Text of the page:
I just don't know how much the Bible speaks of specific guidelines God has set in scripture that are meant specifically for communal worship.

  3. Hi, Todd. I'm at a conference all week, so I apologize for the delay in commenting and for the brevity in my answer here.

    I think a lot of this comes down to differing views between us of how the Holy Spirit works. I do not believe that the Holy Spirit speaks to us in any way of by any means apart from his Word. He certainly illumines our hearts to accept the message of the Word (that is his primary function today), and thus he uses the Word to sanctify us, but I do not believe that God speaks to us in any of the ways you mention, whether it is regarding worship or in naming of a child.

    God works providentially to lead us, he gives us wisdom, he may providentially bring things to our remembrance and cause us to use our reason and intellect in the application of his Word, but he does not speak to us apart from the Word.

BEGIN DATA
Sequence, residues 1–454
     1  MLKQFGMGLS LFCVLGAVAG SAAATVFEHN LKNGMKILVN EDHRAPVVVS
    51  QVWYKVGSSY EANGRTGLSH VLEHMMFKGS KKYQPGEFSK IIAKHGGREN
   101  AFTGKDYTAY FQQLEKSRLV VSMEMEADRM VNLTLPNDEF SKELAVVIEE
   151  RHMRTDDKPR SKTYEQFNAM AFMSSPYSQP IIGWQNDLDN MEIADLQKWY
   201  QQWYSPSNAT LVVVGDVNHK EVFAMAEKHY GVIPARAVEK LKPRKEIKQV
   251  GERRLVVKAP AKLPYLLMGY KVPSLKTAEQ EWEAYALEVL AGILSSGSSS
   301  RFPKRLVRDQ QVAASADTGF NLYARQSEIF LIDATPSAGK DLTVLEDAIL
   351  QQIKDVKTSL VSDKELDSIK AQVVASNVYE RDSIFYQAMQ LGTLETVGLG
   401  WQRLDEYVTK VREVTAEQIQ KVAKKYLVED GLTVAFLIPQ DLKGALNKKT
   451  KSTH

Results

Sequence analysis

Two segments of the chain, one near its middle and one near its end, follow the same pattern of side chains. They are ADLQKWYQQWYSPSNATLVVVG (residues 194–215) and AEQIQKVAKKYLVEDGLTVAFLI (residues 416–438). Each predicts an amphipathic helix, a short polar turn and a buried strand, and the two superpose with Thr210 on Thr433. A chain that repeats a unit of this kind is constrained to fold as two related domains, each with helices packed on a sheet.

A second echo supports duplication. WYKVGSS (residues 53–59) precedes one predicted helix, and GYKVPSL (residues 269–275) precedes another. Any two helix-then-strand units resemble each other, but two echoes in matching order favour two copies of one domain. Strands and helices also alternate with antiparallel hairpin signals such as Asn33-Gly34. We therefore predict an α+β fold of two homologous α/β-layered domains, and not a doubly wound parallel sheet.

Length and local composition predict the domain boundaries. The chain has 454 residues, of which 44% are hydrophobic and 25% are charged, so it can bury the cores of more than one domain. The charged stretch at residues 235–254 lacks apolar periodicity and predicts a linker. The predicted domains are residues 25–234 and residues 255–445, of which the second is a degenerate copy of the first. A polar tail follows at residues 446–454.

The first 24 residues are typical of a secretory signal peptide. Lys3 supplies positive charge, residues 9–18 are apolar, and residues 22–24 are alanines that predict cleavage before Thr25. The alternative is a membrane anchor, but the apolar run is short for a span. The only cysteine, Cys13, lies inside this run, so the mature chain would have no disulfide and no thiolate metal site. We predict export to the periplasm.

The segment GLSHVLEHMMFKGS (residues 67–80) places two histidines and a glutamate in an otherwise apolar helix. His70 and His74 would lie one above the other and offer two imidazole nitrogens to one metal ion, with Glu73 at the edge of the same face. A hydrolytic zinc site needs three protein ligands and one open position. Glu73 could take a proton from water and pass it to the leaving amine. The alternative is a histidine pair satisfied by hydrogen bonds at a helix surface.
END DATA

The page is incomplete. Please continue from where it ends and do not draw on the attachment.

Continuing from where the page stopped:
4. my basic understanding of the Spirit's work today is the same as Scott's. However, I did recall Romans 8:16 after reading Todd's post. Is His Spirit bearing witness with ours by the Word or is it a direct affirmation?

  5. Thank you Scott and David. I would like to echo David's question (Romans 8:16) as to whether God's Spirit bears witness to ours by the Word and/or by direct affirmation.

  6. I would take this to mean what i have already mentioned. One of the Holy Spirit's primary works is to illumine the hearts of believers such that they accept the truth of Scripture. So here the emphasis is that he moves a believer to accept the biblical truth that those who believe in Christ are forgiven in the merits of Christ.

  7. Where does it say in the Bible that God doesn't provide direct affirmation? I had thought that orthodoxy holds that there are two kinds of revelation: general revelation and special revelation. I had thought that the Holy Spirit can communicate to us in many sorts of ways, and in many different types of situations.